The bestselling 'Freakonomics' loses its freak on the screen
It must have seemed like a great idea in theory: Round up All-Star documentarians like Morgan Spurlock, Alex Gibney and Eugene Jarecki and have them shoot mini-documentaries based on the ideas of contrarian bestseller "Freakonomics." Then put the book's authors, Steven Levitt and Stephen J. Dubner, in interstitial segments. A hit documentary will surely follow.
But as the authors are fond of saying, correlation isn't causation. Just because many of these elements might be correlated with a good movie doesn't mean they give rise to one. "Freakonomics" (yes, this is a film; some readers have been surprised), which screens at the upcoming Los Angeles Film Festival ahead of its theatrical release, shows why certain kinds of books probably shouldn't travel to the movie theater. We wanted to like the film and its intellectual adventurousness. But it's hard to get too enthused.
Spurlock's entry, about the importance of baby names, seems slight and self-evident (sometimes a name affects how the world perceives you, but ultimately it's up to the person to shape their own fate). Gibney's starts promisingly, investigating the cheating rates among sumo wrestlers, but bizarrely segues into an exploration of honor and whistleblowing in Japan.
Jarecki is charged with articulating the book's most famous claim, that Roe vs. Wade prompted the murder rate to drop 20 years after the ruling, when many of the unborn would have reached the age of criminal behavior. But it's explained with so little style that the theory almost seems obvious and unsexy. It's also muddled by call-outs to other theories of the crime drop, which here seem just as reasonable as the Roe vs. Wade factor, making the authors' bold counterintuitive theory of the book unpersuasive.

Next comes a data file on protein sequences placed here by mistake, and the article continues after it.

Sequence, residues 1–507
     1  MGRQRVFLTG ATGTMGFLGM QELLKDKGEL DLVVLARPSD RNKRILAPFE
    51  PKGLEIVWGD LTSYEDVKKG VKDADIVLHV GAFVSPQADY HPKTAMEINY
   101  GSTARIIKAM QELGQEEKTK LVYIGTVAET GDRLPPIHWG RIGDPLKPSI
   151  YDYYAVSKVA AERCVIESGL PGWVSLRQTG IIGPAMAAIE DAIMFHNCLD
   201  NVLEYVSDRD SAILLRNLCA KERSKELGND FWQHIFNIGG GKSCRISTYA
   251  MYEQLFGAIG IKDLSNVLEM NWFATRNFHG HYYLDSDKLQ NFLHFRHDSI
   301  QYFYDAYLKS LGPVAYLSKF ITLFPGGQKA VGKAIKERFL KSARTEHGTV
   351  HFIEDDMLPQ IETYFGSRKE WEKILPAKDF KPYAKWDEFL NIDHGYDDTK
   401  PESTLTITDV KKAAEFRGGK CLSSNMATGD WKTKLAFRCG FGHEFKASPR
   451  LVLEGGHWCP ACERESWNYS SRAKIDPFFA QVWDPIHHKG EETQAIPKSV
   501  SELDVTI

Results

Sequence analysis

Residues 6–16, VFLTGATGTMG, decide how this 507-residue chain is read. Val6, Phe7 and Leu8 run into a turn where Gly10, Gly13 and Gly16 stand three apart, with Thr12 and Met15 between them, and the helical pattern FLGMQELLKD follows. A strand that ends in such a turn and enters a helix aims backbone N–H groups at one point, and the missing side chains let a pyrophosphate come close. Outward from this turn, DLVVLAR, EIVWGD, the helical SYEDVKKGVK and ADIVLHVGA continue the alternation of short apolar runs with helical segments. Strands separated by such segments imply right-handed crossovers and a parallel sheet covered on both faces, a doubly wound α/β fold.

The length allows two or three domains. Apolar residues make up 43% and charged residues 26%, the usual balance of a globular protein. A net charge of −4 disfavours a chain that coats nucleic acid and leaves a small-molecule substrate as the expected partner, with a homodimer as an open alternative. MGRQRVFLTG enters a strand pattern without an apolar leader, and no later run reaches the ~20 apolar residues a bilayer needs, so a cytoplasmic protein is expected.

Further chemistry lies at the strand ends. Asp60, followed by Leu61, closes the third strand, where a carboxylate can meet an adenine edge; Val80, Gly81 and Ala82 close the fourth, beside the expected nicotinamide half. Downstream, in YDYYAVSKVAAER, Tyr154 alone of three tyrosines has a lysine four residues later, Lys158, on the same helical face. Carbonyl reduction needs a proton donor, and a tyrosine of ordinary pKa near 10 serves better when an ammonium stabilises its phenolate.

The final installment, Rachel Grady and Heidi Ewing's film about whether you can bribe children into better behavior (it's centered on an experiment in which ninth-graders were handed cash if they upped their grades) is a little more subtle and also tells a better story. (The children depicted are decently rounded characters). But the conclusions are too mixed to be meaningful, and there's no real depth to the investigation -- there is, for example, little said about the long-term effects of conditioning a child to receive money every time he learns.
The underlying problem in all this is (as you probably suspected the second you heard about the project) is that it's not easy to bring an idea-driven book to the screen. On the page these arguments can seem provocative because Dubner and Levitt are eager to explore every crevice of potential disagreement. And even when they don't wash away all doubts, their rhetorical brio often makes up for it. But it's much harder to present arguments and counterarguments in a documentary. And rhetorical brio rarely obtains when those putting it forward are not writers but talking heads. You're left with boiled-down, whitewashed versions of big ideas that, as expressed here, don't seem too shocking or even convincing.
There's been a lot of talk recently about a different idea-driven book coming to the screen. "Moneyball,", Michael Lewis' treatise on baseball statistics, is being given a dramatic makeover from Hollywood storytellers like Aaron Sorkin and Steven Zallian. Critics have asked if that treatment could dilute the book's intellectual power, and it might, but at least it will shape it into a story, something noticeably absent here.
That suggests its own hypothesis. Normally, when a novel is being adapted into a film, screenwriters are wise to draw from their literary source. When it comes to nonfiction, however, it may be that it's best to deviate from it. In this regard, at least, the counterintuitive theory proves correct.
Photo: Freakonomics logo. Credit: Magnolia Pictures.
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